4. The golf ball of claim 1, wherein the initiating agent comprises dicumyl peroxide; 2,5-dimethyl-2,5-di(t-butylperoxy) hexane; 2,5-dimethyl-2,5-di(t-butylperoxy)hexyne; 2,5-dimethyl-2,5-di(benzoylperoxy)hexane; 2,2′-bis(t-butylperoxy)-di-iso-propylbenzene; 1,1-bis(t-butylperoxy)-3,3,-5-trimethyl cyclohexane; n-butyl 4,4-bis(t-butyl-peroxy)valerate; t-butyl perbenzoate; benzoyl peroxide; n-butyl 4,4′-bis(butylperoxy) valerate; di-t-butyl peroxide; 2,5-di-(t-butylperoxy)-2,5 dimethyl hexane; lauryl peroxide; t-butyl hydroperoxide; a-a bis(t-butylperoxy) diisopropylbenzene; di(2-t-butyl-peroxyisopropyl)benzene peroxide; 3,3,5-trimethyl cyclohexane; di-t-amyl peroxide; di-t-butyl peroxide; or a combination thereof.
5. The golf ball of claim 1, wherein said polymer composition further comprises a cis-to-trans catalyst.
6. The golf ball of claim 5, wherein the cis-to-trans catalyst comprises an organosulfur compound, metal-containing organosulfur compound, a substituted or unsubstituted aromatic organic compound that does not contain sulfur or metal, an inorganic sulfide compound, an aromatic organometallic compound, an element from Group VI A, or a combination thereof.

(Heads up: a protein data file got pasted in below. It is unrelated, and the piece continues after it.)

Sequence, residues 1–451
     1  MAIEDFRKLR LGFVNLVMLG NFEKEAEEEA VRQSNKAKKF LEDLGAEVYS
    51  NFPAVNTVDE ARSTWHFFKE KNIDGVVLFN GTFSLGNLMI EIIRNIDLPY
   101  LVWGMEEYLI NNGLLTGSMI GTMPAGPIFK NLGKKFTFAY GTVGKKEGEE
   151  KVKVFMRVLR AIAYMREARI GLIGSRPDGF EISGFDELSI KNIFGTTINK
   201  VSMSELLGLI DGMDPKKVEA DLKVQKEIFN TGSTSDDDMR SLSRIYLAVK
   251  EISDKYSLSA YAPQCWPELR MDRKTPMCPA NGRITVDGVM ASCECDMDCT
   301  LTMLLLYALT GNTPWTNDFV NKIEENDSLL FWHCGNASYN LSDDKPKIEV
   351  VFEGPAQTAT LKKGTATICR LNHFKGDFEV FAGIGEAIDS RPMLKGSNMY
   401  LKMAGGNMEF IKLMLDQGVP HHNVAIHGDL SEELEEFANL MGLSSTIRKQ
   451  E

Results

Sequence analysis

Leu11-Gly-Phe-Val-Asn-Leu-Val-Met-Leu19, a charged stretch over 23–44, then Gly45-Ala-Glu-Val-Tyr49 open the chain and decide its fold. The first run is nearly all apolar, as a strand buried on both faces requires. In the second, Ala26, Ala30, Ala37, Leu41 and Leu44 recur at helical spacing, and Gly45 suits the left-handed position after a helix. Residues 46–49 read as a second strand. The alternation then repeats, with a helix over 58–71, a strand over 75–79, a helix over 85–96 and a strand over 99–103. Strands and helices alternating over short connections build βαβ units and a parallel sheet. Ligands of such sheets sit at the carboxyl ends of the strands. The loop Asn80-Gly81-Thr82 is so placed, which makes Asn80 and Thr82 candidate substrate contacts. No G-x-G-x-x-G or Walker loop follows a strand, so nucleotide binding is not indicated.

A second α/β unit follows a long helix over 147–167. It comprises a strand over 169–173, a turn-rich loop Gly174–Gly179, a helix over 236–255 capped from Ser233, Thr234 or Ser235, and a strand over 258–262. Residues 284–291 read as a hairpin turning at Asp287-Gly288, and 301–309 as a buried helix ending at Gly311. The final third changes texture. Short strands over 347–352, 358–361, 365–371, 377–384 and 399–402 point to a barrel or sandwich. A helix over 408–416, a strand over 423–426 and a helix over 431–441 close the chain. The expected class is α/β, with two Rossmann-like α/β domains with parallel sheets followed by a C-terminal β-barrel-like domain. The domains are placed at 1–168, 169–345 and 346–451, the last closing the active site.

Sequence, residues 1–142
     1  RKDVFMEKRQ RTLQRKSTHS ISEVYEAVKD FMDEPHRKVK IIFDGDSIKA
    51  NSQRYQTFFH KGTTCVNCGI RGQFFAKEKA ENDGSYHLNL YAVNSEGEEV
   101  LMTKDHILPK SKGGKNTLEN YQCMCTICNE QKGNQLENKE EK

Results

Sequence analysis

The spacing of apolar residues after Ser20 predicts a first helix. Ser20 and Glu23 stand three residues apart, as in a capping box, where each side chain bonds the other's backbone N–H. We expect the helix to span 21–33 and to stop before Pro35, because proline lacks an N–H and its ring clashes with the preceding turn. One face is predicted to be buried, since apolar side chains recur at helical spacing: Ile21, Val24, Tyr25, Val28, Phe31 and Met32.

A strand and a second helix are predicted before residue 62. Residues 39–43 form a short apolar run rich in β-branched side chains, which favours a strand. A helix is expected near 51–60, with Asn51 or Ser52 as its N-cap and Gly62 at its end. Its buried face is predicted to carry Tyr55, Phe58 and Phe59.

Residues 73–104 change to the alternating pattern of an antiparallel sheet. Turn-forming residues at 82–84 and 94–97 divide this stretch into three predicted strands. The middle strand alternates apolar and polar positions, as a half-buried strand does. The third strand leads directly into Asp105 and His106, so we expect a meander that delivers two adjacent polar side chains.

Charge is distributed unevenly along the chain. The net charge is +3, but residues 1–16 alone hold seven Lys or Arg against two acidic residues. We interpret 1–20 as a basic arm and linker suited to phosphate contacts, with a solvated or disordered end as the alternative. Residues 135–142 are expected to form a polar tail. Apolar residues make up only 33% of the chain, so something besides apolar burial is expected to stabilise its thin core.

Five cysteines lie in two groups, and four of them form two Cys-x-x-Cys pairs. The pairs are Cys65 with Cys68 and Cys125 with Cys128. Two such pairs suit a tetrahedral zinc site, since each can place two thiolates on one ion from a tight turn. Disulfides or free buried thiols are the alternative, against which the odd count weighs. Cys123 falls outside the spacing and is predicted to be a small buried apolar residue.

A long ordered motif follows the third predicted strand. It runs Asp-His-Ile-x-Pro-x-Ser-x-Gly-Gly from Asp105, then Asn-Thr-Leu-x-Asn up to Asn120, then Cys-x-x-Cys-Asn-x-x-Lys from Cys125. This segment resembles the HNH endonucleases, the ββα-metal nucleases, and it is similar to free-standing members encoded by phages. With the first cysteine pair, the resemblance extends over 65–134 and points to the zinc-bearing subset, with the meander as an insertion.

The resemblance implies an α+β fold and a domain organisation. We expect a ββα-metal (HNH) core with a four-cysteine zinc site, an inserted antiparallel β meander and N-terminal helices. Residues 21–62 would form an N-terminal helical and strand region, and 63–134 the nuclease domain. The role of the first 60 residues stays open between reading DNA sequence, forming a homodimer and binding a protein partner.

7. The golf ball of claim 6, wherein the organosulfur compound comprises PCTP or a metal salt thereof.
8. The golf ball of claim 5, wherein the polymer composition comprises from about 0.005 to about 3.0 parts per hundred of the cis-to-trans catalyst.
9. The golf ball of claim 1, wherein the cured diene rubber comprises a diene rubber cured with sulfur.
10. The golf ball of claim 9, wherein the sulfer comprises sulfur; insoluble sulfur; 4-morpholinyl-2-benzothiazole disulfide; dipentamethylenethiuram hexasulfide; thiuram disulfides; N-oxydiethylene 2-benzothiazole sulfonamide; N,N-diorthotolyguanidine; bismuth dimethyldithiocarbamate; N-cyclohexyl 2-benzothiazole sulfonamide; N,N-diphenylguanidine, or a combination thereof.
11. The golf ball of claim 1, wherein the polymer composition comprises a silicone material.
12. The golf ball of claim 1, wherein the core comprises the cured diene rubber that is substantially free of ZDA.